If 90L develops this afternoon, I will have another update to look at track and intensity forecasts.

Angela

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668. ToddAndrews1

Watch out for the guys with the short haircuts, grey suits and extra shiny shoes.
Member Since: September 9, 2007 Posts: 36 Comments: 4687
Quoting alfabob:
I'm going to stab this Todd guy in the face if they don't stop it soon.


hit the report ! and then the ignore...he will be added to your list and you wont have to see his posts...hopefully he will be booted asap
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722. beell
Quoting MrstormX:


It's tiny, so i'm not surprised at this point.


For sure. Might end up being Mesoscale Convective Vortex #4
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amazing when you hit that ignore button,all the free space that shows up. What a wonderful button.
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RECON time
Member Since: May 27, 2009 Posts: 0 Comments: 4438
Quoting Orcasystems:

Sorry to hear that.



????i could not under stan what you where saying any ways whats get back too 90L huh?
Member Since: May 21, 2006 Posts: 5091 Comments: 115239
Todd Andrews: I realize that you're new here. It's in bad form to call people names and post their personal information in this community. Please stop. If you don't stop, I will report you.
Thanks.
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Wonder what's taking admin so long to yank this moron?
Member Since: Posts: Comments:
Quoting Seawall:


I've got the fans out, trying to push some of that LA rain West into SE TX.


we still want it
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Quoting Gearsts:
And now you are quoting him:/ Please stop and deleted your coments and just ignore the user



i said i would stop lol whats move on too 90L plzs
Member Since: May 21, 2006 Posts: 5091 Comments: 115239
Quoting alfabob:
I'm going to stab this Todd guy in the face if they don't stop it soon.

Report, ignore, move on. Problem solved.
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Quoting nigel20:
The tropical wave at 30 W should be watched for future development.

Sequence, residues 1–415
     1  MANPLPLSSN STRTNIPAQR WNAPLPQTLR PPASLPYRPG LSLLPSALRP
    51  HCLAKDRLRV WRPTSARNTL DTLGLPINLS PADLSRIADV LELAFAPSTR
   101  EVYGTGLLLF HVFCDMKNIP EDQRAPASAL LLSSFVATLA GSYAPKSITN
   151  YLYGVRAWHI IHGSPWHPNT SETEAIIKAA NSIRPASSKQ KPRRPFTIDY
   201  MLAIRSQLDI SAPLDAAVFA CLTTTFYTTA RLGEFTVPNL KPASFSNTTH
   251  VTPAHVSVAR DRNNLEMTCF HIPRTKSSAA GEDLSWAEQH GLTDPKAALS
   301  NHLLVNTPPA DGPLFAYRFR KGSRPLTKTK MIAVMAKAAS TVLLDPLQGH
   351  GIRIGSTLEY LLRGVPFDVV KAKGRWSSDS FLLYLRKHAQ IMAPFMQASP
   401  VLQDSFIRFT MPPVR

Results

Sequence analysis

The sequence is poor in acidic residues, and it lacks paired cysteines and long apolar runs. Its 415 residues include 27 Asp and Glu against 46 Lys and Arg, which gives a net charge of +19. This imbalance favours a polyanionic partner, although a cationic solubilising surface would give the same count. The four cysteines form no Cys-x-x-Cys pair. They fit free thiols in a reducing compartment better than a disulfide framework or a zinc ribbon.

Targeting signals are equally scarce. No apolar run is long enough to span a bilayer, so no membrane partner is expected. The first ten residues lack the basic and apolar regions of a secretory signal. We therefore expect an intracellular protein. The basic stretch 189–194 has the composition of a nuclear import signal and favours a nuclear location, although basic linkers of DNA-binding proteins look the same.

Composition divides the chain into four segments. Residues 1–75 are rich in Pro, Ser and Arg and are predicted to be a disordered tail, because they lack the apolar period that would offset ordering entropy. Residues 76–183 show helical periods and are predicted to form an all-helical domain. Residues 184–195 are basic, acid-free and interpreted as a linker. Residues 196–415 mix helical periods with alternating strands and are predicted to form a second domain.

I will. I hope dry air kills it.
Member Since: September 27, 2007 Posts: 1 Comments: 21416
Quoting Tazmanian:




well do could t help it lol

Sorry to hear that.
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Quoting Seawall:


I've got the fans out, trying to push some of that LA rain West into SE TX.
Hey, thanks, we will be so grateful if you succeed!
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Quoting Tazmanian:




you been reported
And now you are quoting him:/ Please stop and deleted your coments and just ignore the user
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Quoting beell:
Looks pretty weak based on recon so far. Not much of a pressure gradient.


It's tiny, so i'm not surprised at this point.
Member Since: May 27, 2009 Posts: 0 Comments: 4438
Dislike, report, ignore....move on. Don't give him the time of day by quoting or mentioning it. As far as I'm concerned if you're quoting him you're almost just as guilty.

Recon should have a center fix in the next 10-15 minutes.
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Quoting Tazmanian:




LOL


Watch out! At this rate he is going to make a run for your high comment mark in a day or two!
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Quoting nrtiwlnvragn:
UK MET Office


GLOBAL MODEL DATA TIME 12UTC 27.07.2011



TROPICAL STORM DEVELOPED IN THE MODEL ANALYSIS AT POSITION : 21.7N 86.7W



VERIFYING TIME POSITION STRENGTH TENDENCY

-------------- -------- -------- --------

12UTC 27.07.2011 21.7N 86.7W WEAK

00UTC 28.07.2011 22.4N 87.7W WEAK LITTLE CHANGE

12UTC 28.07.2011 22.9N 90.0W WEAK LITTLE CHANGE

00UTC 29.07.2011 24.3N 92.5W WEAK LITTLE CHANGE

12UTC 29.07.2011 25.7N 94.6W WEAK LITTLE CHANGE

00UTC 30.07.2011 26.1N 96.8W WEAK WEAKENING SLIGHTLY

12UTC 30.07.2011 BELOW TROPICAL STORM STRENGTH






Gotta love the UKMET
Member Since: May 27, 2009 Posts: 0 Comments: 4438
The tropical wave at 30 W should be watched for future development.
Member Since: November 6, 2010 Posts: 11 Comments: 8144

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About

Jeff co-founded the Weather Underground in 1995 while working on his Ph.D. He flew with the NOAA Hurricane Hunters from 1986-1990.